Internet Explorer to upgrade automatically, unless you say no

Filed Under: Featured, Internet Explorer, Malware, Microsoft, Vulnerability

IE logoMicrosoft's Ryan Gavin announced a new strategy to keep the web safe... Keep your Internet Explorer up to date.

It is great news for Windows users who don't appreciate the importance of staying up to date.

Microsoft has been struggling with browser stragglers for years. They even ran their own campaign comparing IE 6 to spoiled milk including shameful infopr0n.

Old versions of IE leave a considerable number of users vulnerable to old exploits, or in their parlance easy targets.

If Microsoft updates everyone's browser how will companies like Google have their "Aurora" moments?

While bringing everyone up to Internet Explorer 9 is a great initiative, and doing so automatically will help things along, there are still some big issues ahead for Microsoft.

Their new policy seems to rest somewhere between Google Chrome's "You don't know it but you just upgraded major versions" and Mozilla Firefox's "You know that our weekly major revision is available, would you like it now? Would ya? Please?"

This could be a big problem for some enterprises that followed Microsoft's advice 10 years ago and adopted a fully-integrated, Active-X, .aspx, optimized for Internet Explorer 6 (or 7!) internal web application.

Most organizations that use Internet Explorer are stuck on older versions because of IE-only proprietary code, and the fact that you can only have one version of Internet Explorer installed at the same time.

It only takes one application. Which is why Microsoft introduced the Internet Explorer 8 and 9 upgrade blocker. This allows you to stay as stale as Internet Explorer 7 if you wish.

HTML 5 logoAustralians and Brazil will be the first to see the automatic upgrades in action, and users who have already said no to IE 8 or 9 will remain at their current version.

Good news for web developers, good news for security and most of all a demonstration of why open standards are such a good idea.

We could all be running Chrome 36 if it wasn't for that darned Active-X control for Accounting...

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9 Responses to Internet Explorer to upgrade automatically, unless you say no

  1. Richard · 956 days ago

    "... stuck on older versions because of IE-only proprietary code, ..."

    Or the fact that they're running Windows XP, which doesn't support IE9.

    • You could use "compatability mode" to fix any display quirks. And it is a bother that the last version of Internet Explorer for XP is Internet Explorer 8, which does NOT support HTML5 :(.

    • Chester Wisniewski · 955 days ago

      With less than 800 days of support left, it is in everyone's best interest to abandon XP. Poor? Load Linux Mint. Gamer? Upgrade to 7. Hater? Get a Mac. There are better answers to the problem.

      • Wendy · 933 days ago

        Yes, there are better answers, BUT when you have companies who refused to upgrade their proprietary software to run on Vista and are behind the bandwagon of now upgrading it to run on Windows 7, then you are kinda stuck with XP until they get off their duffs and catch up with the technology or else you don't have a job.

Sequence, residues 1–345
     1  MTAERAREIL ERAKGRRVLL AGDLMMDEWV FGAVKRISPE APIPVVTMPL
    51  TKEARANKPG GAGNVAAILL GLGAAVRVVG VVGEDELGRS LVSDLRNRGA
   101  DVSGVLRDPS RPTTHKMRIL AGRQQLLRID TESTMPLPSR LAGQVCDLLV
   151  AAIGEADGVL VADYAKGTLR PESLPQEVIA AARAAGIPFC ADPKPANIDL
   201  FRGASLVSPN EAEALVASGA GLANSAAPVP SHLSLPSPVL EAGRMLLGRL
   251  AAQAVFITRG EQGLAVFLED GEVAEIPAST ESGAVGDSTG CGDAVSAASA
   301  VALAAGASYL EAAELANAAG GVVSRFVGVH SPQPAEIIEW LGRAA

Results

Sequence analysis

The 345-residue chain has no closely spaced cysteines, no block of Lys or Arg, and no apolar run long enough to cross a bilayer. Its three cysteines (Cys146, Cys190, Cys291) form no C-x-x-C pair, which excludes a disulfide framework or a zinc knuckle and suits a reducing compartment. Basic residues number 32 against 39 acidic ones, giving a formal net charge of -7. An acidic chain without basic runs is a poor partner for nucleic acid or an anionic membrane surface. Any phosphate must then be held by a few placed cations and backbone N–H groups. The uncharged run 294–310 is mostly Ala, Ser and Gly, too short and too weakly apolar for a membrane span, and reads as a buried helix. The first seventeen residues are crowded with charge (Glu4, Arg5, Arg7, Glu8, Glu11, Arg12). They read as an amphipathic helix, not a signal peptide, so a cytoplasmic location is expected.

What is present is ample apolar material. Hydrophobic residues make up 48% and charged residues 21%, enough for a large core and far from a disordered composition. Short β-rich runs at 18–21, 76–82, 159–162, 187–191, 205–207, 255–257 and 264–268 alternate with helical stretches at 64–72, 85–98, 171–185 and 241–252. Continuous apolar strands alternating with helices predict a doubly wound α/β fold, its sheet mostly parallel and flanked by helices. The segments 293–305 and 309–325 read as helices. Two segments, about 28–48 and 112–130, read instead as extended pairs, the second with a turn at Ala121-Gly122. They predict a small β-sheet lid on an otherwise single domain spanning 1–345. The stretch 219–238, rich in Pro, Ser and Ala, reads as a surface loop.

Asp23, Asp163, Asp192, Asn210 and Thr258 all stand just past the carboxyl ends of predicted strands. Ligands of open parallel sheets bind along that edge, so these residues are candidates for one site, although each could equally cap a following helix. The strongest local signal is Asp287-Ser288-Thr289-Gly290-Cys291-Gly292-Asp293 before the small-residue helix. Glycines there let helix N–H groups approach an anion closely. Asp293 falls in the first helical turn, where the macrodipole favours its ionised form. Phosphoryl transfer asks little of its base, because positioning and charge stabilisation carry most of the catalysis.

2. But how about those running "illegal" OS? They won't be able to update to IE9, unless Microsoft is so generous to provide IE9 for illegal users.

    • Richard Hodgson · 5354 days ago

      This has been a sticking point before, especially in China, where there are a lot of people running pirated versions of Windows and antivirus software and are hideously out of date thanks to software companies only wanting to update genuine copies.

      Which is fine until those machines are compromised and used to attack those of us who have paid for our software. The problem is that there is no way to really fix this without opening up updates to pirates.

  3. Jim Dandy · 955 days ago

    Die IE 6 and XP! Die!

  4. Emma · 955 days ago

    About time everyone stopped using (any) Internet Explorer browser. I've been using Firefox for last 5 years or so and it's the default browser I prefer; before Firefox I did use IE but only because the only other option (at the time) was Netscape and/or Opera.

    Thank God for Firefox I say, however I see more people using Google Chrome or Safari (on Windows) which are great alternatives to Firefox (more or less), so let's really give IE a good kicking and let's not see anymore (buggy?) updates or releases in the future.

  5. Tim Ridgway · 952 days ago

    As a web designer, I think this is excellent news. I would hate to say how many weeks of my life have been wasted making fully working websites backwards compatible with IE7 (I gave up on IE6 a long time ago!).

    Maybe we can soon get on with the job of actually making websites, rather than bug fixing for a small but significant bunch of people who can't/won't upgrade or switch to a modern browser.

    Thank you Microsoft.

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About the author

Chester Wisniewski is a Senior Security Advisor at Sophos Canada. He provides advice and insight into the latest threats for security and IT professionals with the goal of providing clear guidance on complex topics. You can follow Chester on Twitter as @chetwisniewski, on App.net as Chester, Chester Wisniewski on Google Plus or send him an email at chesterw@sophos.com.